BRUSSELS, Belgium -- Drug prescribing for elderly patients is missing even a semblance of evidence-based guidance, constituting a worldwide public-health problem, said international researchers.
BRUSSELS, Belgium, July 13 -- Drug prescribing for elderly patients is missing even a semblance of evidence-based guidance, constituting a worldwide public-health problem, said international researchers.
A pair of reports meta-analyses, conducted by the same team and reported in the July 14 issue of The Lancet noted the many holes in the logic used for drug prescribing for elderly patients and cited inadequate physician training in geriatric pharmacotherapy.
In an effort to sort out the complexities of prescribing for these often frail or disabled patients, Anne Spinewine, Ph.D., of Universit catholique de Louvain here, and U.S. and British colleagues, examined recent randomized intervention studies aiming to offer strategies for prescribing for elderly people. Separately, they evaluated ways to manage drug interactions.
Appropriate prescribing, they said, should aim to promote the use of evidence-based therapies and keep the use of drugs for which there is no clinical need or where there is dubious efficacy to a minimum.
In the first study, dealing with appropriate prescribing, the investigators searched Medline (1970-2006), International Pharmaceutical Abstracts (1970-2006), the Cochrane Database, and additional studies, to identify, for example, appropriate or inappropriate prescribing, patient outcomes, and adverse drug reactions among patients 65 and older.
They pointed out that several factors specific to frail elderly patients, such as the use of benzodiazepines, increase the complexity of prescribing. Furthermore, clinical evidence for the effect of drugs on elderly people is scarce, goals of treatment might change, and social and economic factors might be unique to older patients.
The investigators found that aside from faulty memory and confusion, the patients themselves can influence prescribing decisions on the basis of their expectations. Contributing to the problem is physicians' inadequate training in geriatric pharmacotherapy.
They found the evidence mixed and contradictory for a link between inappropriate prescribing and adverse patient outcomes. No clear conclusions can be made about the predictive validity of specific measures, they found, except for criteria for the underuse of drugs for cardiovascular disease. They called for studies that test the predictive validity of measures of inappropriate prescribing for elderly people.
Evidence suggests that a patient's decision to take or not to take drugs might be part of a negotiation process rather than a final stance, the researchers found,, and changing patients' behavior is more likely if patients are helped to make decisions for themselves rather than being told what to do.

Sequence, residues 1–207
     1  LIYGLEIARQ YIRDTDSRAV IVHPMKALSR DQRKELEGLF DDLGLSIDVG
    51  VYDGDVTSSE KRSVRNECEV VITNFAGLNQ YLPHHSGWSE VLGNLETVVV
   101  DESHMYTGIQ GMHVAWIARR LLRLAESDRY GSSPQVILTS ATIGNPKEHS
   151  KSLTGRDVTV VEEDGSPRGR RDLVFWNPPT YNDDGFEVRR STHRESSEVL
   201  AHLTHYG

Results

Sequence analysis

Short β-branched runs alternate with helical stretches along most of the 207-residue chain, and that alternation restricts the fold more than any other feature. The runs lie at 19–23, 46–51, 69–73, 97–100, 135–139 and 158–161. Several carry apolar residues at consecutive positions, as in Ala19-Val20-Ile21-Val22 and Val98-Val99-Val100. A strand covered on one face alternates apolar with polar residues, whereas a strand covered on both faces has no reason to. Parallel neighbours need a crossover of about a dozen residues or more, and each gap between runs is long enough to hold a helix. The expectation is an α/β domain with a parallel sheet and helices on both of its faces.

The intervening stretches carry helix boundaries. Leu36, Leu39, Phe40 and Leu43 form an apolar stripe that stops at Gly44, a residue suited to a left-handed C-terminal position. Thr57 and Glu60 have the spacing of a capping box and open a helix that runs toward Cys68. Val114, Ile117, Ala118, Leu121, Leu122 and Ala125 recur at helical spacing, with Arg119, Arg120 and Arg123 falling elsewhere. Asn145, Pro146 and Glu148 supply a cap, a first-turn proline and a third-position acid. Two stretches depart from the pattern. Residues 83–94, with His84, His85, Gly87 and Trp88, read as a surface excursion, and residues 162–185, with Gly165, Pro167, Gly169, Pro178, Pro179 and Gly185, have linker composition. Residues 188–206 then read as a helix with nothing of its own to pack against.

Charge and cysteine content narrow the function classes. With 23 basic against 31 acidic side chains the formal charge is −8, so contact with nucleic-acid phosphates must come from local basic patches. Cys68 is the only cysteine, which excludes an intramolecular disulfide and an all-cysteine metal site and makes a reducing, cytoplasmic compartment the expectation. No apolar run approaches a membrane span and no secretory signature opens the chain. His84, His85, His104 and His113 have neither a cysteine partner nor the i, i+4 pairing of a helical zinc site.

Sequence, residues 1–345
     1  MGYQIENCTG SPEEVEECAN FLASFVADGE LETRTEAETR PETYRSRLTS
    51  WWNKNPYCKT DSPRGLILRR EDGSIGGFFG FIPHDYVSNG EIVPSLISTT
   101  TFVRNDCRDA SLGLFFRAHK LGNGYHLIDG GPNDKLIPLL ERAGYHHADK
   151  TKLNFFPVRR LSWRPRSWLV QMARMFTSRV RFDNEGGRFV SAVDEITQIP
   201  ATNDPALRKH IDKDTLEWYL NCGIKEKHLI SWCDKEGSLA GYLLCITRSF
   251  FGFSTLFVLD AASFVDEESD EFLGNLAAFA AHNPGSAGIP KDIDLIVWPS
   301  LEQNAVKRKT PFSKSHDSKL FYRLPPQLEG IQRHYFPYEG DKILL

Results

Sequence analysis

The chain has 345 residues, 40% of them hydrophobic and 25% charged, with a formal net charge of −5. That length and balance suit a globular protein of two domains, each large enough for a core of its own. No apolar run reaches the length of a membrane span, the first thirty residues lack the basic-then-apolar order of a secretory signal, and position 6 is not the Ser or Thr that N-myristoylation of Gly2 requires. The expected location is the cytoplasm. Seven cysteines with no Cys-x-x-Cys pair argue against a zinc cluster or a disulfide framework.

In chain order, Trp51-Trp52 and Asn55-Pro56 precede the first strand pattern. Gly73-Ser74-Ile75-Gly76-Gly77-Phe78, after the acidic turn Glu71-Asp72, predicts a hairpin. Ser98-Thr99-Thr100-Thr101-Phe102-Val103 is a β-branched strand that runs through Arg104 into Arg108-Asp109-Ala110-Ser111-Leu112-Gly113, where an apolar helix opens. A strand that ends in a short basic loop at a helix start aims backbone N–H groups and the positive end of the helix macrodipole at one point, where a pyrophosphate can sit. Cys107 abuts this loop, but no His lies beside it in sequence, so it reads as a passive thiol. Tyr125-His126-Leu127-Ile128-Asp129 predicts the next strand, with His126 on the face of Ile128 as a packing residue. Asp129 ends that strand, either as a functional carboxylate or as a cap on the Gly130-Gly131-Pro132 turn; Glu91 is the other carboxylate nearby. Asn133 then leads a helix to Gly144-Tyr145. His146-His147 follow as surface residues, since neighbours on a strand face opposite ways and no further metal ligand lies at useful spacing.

In the second study, including Dr. Spinewine as a co-author with a similar meta-analysis, the researchers took on the challenge of managing drug interactions in these patients, suggesting strategies for assisting in their detection, management, and prevention.
Elderly patients are at high risk of drug interactions yet the prevalence of these interactions is not well documented, they wrote. Patients frequently take many drugs, have several co-morbidities, and might not maintain adequate nutritional status.
Several types of interactions exist, they pointed out, such as drug-drug, drug-disease, drug-food, drug-alcohol, drug-herbal products, and drug-nutritional status.
Factors such as age-related changes in pharmacokinetics and pharmacodynamics, frailty, interindividual variability, reduced homeostatic mechanisms, and psychosocial issues need to be considered when drug interactions are assessed, they said.
Software can help clinicians detect drug interactions, but many programs have not been updated with the evolving knowledge of these interactions, and do not take into consideration important factors needed to optimize drug treatment in elderly patients.
Any generated recommendations have to be tempered by a holistic, geriatric, multiprofessional approach that is team-based.
Discussing the frequency pf drug interactions, the researchers noted that in a European study of 1,601 outpatients, 46% had at least one potential clinically significant drug-drug interaction, with 10% of these interactions regarded as of high severity.
Offering a simple clinical approach to managing drug interactions, the researchers listed several categories. The first category includes drug-drug interactions for drugs with a narrow therapeutic index, such a digoxin, phenytoin, or warfarin. These interactions are generally well known, have laboratory monitoring tests, and are detected by all commercial software systems.
The second category involves complex interactions, which includes patients with nine or more drugs and five or more comorbidites. Although the choice of an individual drug is usually appropriate, when considered individually, the combination can yield unwanted results.
The third category, involves cascade interactions, in which an adverse drug interaction is misinterpreted as a new medical disorder and another drug is prescribed, adding to the risk generated by a potentially unnecessary treatment.
In advice to clinicians, the researchers suggested that astute clinicians can screen any specific situation to detect drug interactions, frequently by asking the right questions.
Results suggest that elderly patients usually do better when their care is managed by a multidisciplinary geriatric team, consisting of a physician (geriatrician), nurse, and pharmacist with communication between these professionals, the investigators said.